The proportion of top A-level grades has risen this year, the BBC resports.
A* and A grades were awarded to 26.3 per cent of entries - up by 0.5 percentage points compared with last year.
The number of university places allocated has fallen - with tens of thousands of places still available.
The Ucas university admissions body says that 416,000 places have so far been confirmed - down 2% on last year.
This is expected to mean a “buyer’s market”, with more options available to those looking for university places.
The fall in university entry follows a reduction in applications and a demographic dip in the number of 18-year-olds.
Many universities, including in the prestigious Russell Group, will still have places on offer through the clearing system, which matches people looking for places with vacancies on courses.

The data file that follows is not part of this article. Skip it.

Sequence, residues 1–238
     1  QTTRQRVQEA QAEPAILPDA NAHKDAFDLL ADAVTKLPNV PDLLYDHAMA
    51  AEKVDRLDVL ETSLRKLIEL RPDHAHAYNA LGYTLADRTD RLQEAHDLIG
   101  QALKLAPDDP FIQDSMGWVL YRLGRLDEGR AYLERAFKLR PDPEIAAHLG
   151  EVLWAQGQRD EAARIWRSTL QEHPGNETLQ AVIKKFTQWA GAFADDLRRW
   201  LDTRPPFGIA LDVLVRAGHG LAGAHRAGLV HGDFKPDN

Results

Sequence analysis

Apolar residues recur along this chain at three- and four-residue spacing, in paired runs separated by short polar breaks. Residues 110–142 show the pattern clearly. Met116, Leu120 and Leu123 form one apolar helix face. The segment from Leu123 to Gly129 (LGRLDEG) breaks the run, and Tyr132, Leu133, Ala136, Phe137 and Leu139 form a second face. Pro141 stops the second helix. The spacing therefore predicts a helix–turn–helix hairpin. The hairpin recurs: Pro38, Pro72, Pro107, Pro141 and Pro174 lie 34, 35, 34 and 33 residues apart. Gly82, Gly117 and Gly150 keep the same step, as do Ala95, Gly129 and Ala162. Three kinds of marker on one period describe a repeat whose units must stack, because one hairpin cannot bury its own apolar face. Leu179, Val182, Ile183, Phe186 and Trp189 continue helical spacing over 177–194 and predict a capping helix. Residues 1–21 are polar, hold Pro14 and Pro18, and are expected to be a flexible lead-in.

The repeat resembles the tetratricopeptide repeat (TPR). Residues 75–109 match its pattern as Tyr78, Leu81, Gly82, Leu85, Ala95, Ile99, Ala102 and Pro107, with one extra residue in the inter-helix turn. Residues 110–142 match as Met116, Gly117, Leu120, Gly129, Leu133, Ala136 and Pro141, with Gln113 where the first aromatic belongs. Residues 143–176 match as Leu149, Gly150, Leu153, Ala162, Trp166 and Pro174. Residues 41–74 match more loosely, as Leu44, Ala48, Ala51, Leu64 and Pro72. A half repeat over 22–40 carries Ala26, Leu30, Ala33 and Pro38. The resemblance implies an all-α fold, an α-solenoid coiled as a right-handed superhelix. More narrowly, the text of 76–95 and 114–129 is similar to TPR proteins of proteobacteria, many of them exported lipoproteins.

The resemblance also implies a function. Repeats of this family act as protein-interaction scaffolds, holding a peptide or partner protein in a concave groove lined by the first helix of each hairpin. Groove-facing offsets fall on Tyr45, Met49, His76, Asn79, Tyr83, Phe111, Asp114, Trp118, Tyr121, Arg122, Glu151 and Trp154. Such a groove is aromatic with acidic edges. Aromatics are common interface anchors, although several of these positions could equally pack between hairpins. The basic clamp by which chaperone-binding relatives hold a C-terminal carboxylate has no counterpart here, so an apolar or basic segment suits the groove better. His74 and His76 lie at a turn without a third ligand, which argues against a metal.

Changes to the qualifications system in England mean 13 A-level subjects this year have been decided solely by final exams, with no link to coursework or AS-levels.
The national results have been kept similar to last year, with over a quarter of entries receiving top grades.
But in those 13 subjects, which include history, English, psychology, physics, chemistry and biology, there were 0.7% fewer A* and A grades.
Also, the gender gap has narrowed in these new-style A-levels, with boys’ results falling less than for girls.